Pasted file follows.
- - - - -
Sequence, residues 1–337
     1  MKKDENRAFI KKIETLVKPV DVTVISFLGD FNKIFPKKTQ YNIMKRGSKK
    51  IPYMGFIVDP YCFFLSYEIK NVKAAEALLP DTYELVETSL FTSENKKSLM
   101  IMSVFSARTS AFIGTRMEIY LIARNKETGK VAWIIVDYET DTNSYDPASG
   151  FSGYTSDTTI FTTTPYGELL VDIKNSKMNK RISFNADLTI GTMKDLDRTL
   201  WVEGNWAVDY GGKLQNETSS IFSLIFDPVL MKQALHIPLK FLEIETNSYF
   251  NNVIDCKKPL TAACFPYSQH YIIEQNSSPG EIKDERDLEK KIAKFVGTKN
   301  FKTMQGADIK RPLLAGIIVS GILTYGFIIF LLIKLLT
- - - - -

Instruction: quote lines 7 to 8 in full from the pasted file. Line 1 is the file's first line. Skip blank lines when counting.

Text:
   251  NNVIDCKKPL TAACFPYSQH YIIEQNSSPG EIKDERDLEK KIAKFVGTKN
   301  FKTMQGADIK RPLLAGIIVS GILTYGFIIF LLIKLLT